Consider this thought experiment. You’re driving down a state highway at 100km/h, with some cannabis in your car. Going around a bend, you see a Police car upside-down in a river with no person in sight. Obviously the driver failed to take the corner, and is almost certainly in dire need of immediate medical help. The question is: do you stop and help, or do you just drive on past?
Most Kiwis would argue that the correct answer is clearly to stop and help. After all, it’s a medical emergency, and the Police couldn’t possibly be so unreasonable as to charge a person with a cannabis offence if someone’s life was on the line. Surely discretion would be used in such an instance.
These Kiwis would have more faith in the Police than Caleb Smith, of Greymouth. His story, which hit the news yesterday, has appalled New Zealanders. Smith made a suicide attempt, and part of the Police response was to search his house, discover some cannabis plants, and charge him with a criminal offense. He now has three criminal convictions.
This incident is very enlightening when considered in the context of broader relations between the public and the Police. The reaction of most New Zealand citizens when reading about the conduct of the officers in the Caleb Smith story is horror, disgust and outrage, but that isn’t the worst thing.
The worst thing is the effect stories like this have on public perceptions of New Zealand Police officers.
Stories like Caleb Smith’s tell the reader that the sort of person who becomes a New Zealand Police officer is the sort of person who is willing to go up to another Kiwi at their lowest point – in the midst of a suicide attempt – and kick him in the guts, making his life far more difficult for no benefit to the public good, and without the consent of the New Zealand people. It’s a person willing to be cruel simply for the sake of it, using their uniform as a shield to evade responsibility.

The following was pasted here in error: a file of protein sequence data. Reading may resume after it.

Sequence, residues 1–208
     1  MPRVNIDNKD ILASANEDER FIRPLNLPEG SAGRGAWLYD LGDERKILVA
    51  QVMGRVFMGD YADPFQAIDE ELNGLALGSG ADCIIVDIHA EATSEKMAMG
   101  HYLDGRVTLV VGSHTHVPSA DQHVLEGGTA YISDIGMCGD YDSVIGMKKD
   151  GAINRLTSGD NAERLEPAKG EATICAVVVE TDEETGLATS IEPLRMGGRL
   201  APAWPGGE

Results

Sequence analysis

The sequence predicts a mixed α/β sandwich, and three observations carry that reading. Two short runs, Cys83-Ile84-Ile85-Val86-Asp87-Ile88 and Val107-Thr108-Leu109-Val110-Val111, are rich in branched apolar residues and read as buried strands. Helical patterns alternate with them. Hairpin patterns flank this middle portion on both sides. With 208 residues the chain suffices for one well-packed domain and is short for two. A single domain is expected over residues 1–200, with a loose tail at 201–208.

Like a dog, they just do what they’re told without consideration. At least, this is how the Police naturally start to appear in the eyes of the population they are supposed to be keeping safe when that population read about such incidents.
Cries of “They’re just doing their jobs!” don’t change the sentiments that stories like Smith’s make Kiwis start to have towards Police officers. In fact, mindlessly following orders is as contemptible as anything else – and people know this.
At the end of the day, every Police officer has the free will to refuse to enforce laws that are unjust, and if they choose not to exercise that free will they cannot complain of the consequences.
It is the duty of every sentient being to consider whether their actions cause suffering to leave the world, or whether their actions bring suffering into the world. That Police officers enforce a law on the Kiwi people that causes great suffering, and that they do so without the consent of those people – who do not approve of that law – is worthy of contempt.
If Police officers choose to enforce a law, even when doing so requires them to willfully add more suffering to the life of one of their fellows who is already suffering severely, then it’s only natural that the people come to hate them.